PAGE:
Electronic devices assembled by protein building blocks

Electronic devices assembled by protein building blocks

Electronic devices assembled by protein building blocks Hodgkiss, Gerrard, Plank, et al Natural proteins have evolved amino acid sequences that adhere to each other with exceptional strength and specificity. In a highlight publication this month,1 a team of biologists, chemists, and physicists exploited such sequences to encode the assembly of electronic devices from hybrid materials. The concept is illustrated in Figure 1. By tethering sticky amino acid sequences called peptides to electronically semiconducting molecules, hybrid nanowires self assemble and are then used as the active components of transistor devices. JH fig1 Figure 1. Electronic device assembly using naturally aggregating peptides (reproduced from ref 1). In their previous attempts at semiconductor self-assembly, Hodgkiss’ team explored the use of synthetic peptides.2,3 The peptide sequences affected self-assembly, but lacked the finesse to align neighboring molecules sufficiently well for electrons to hop between them. Meanwhile, Gerrard’s team had been approaching a similar problem from the other direction. They first looked to nature to identify peptide sequences that evolved to stick protein units together.4 The short sequences they found in protein-protein interfaces of the peroxiredoxin family (Figure 2) were ideal tectons to assemble electronic devices. JH fig2 Figure 2. Crystal structures of A) Peroxiredoxin III homodecamer and B) b-loctoglobulin homodimer, highlighting the peptide interfaces identified in each (adapted from ref 4). Natural 8-mer peptide sequences were then synthesized and grafted to organic semiconductor molecules to create new hybrid materials. Under the right conditions, the hybrid materials were found to assemble into nanofibers, whereby the semiconducting units are brought into electronic communication with each other in a way that strongly depends on the peptide interactions (Figure 3). JH fig3aJH fig3b Figure 3. A) Atomic force micrograph and B) Transmission electron micrograph of various peptide assembled conductive nanofibres. Scale bar 25 nm and 100 nm, respectively (adapted from ref 1). The final key challenge was to transform these novel materials into functioning devices. Plank’s nanoelectronics device team led this aspect of the work. They used the new hybrid materials as the active components of field-effect transistors that act as electronic switches like those found in computer processors. This research breakthrough, published this month in Advanced Functional Materials,1 highlights the possibilities of exploiting natural peptides to drive the water-based assembly of other functional materials and devices. References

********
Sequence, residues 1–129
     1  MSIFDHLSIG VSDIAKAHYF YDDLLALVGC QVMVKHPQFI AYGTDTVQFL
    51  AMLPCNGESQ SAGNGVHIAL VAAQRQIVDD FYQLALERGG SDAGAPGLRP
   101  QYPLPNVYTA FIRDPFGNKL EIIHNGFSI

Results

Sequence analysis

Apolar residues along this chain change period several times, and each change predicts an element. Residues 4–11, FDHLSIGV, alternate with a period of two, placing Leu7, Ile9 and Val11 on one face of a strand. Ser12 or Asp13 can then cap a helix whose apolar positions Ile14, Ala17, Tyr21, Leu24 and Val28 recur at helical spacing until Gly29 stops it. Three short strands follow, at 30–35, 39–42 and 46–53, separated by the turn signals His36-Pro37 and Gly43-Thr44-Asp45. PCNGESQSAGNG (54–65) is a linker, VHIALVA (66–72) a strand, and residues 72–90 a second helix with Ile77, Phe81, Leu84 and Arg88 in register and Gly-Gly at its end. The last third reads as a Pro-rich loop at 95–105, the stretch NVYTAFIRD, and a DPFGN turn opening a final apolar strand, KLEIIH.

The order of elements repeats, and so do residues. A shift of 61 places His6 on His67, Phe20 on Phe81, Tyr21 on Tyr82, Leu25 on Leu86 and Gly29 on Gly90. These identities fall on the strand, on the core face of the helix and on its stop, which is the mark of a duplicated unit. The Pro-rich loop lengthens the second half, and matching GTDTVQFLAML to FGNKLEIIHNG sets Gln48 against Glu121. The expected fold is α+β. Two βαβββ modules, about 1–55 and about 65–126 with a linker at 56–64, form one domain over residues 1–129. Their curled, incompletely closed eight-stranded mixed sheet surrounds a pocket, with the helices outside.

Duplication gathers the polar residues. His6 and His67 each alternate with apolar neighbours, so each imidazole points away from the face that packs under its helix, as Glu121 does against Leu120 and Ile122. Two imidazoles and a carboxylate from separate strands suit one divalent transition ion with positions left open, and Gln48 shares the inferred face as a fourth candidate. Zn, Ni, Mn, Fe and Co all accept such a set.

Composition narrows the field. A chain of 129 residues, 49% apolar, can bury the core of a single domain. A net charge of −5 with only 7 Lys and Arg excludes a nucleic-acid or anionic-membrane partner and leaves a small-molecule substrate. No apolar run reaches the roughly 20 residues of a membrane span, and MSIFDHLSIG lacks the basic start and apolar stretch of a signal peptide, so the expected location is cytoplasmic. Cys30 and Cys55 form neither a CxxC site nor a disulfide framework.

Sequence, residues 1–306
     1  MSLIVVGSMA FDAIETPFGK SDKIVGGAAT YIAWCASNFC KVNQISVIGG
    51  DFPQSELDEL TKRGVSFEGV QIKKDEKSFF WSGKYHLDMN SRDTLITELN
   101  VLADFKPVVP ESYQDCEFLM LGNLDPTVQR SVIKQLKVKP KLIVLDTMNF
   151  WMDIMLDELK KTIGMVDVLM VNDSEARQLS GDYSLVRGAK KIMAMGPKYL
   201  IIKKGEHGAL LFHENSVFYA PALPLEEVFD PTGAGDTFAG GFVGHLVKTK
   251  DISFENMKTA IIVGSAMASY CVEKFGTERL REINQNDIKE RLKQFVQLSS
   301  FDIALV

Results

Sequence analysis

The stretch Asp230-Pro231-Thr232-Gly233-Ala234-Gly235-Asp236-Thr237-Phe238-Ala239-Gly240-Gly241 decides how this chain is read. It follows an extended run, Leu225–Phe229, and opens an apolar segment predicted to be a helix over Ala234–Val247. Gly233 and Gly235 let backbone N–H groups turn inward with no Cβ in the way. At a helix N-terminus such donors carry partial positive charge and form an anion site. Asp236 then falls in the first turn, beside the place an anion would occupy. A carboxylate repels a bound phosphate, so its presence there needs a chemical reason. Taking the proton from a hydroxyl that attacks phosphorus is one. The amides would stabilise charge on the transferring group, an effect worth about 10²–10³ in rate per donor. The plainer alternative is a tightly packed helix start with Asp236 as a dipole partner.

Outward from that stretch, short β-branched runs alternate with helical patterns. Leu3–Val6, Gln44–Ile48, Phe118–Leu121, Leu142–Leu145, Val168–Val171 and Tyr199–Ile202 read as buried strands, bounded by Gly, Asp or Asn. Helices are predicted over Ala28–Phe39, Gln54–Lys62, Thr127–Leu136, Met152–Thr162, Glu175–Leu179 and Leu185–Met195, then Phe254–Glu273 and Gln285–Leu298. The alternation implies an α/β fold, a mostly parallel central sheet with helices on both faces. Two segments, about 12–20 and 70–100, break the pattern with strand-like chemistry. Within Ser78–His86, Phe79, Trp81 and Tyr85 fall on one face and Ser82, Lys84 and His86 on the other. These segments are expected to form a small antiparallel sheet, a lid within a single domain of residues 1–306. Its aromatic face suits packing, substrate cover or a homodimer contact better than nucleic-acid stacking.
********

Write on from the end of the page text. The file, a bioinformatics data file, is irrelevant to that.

1. Eakins, G. L. et al. Functional Organic Semiconductors Assembled via Natural Aggregating Peptides. Adv. Funct. Mater. (2015). doi:10.1002/adfm.201502255
  2. Gallaher, J. K., Aitken, E. J., Keyzers, R. A. & Hodgkiss, J. M. Controlled aggregation of peptide-substituted perylene-bisimides. Chem. Commun. (Camb.) 48, 7961 (2012).
  3. Eakins, G. L. et al. Thermodynamic Factors Impacting the Peptide-Driven Self-Assembly of Perylene Diimide Nanofibers. J Phys Chem B 118, 8642–8651 (2014).
  4. Valéry, C., Pandey, R. & Gerrard, J. A. Protein β-interfaces as a generic source of native peptide tectons. Chem. Commun. (Camb.) 49, 2825 (2013).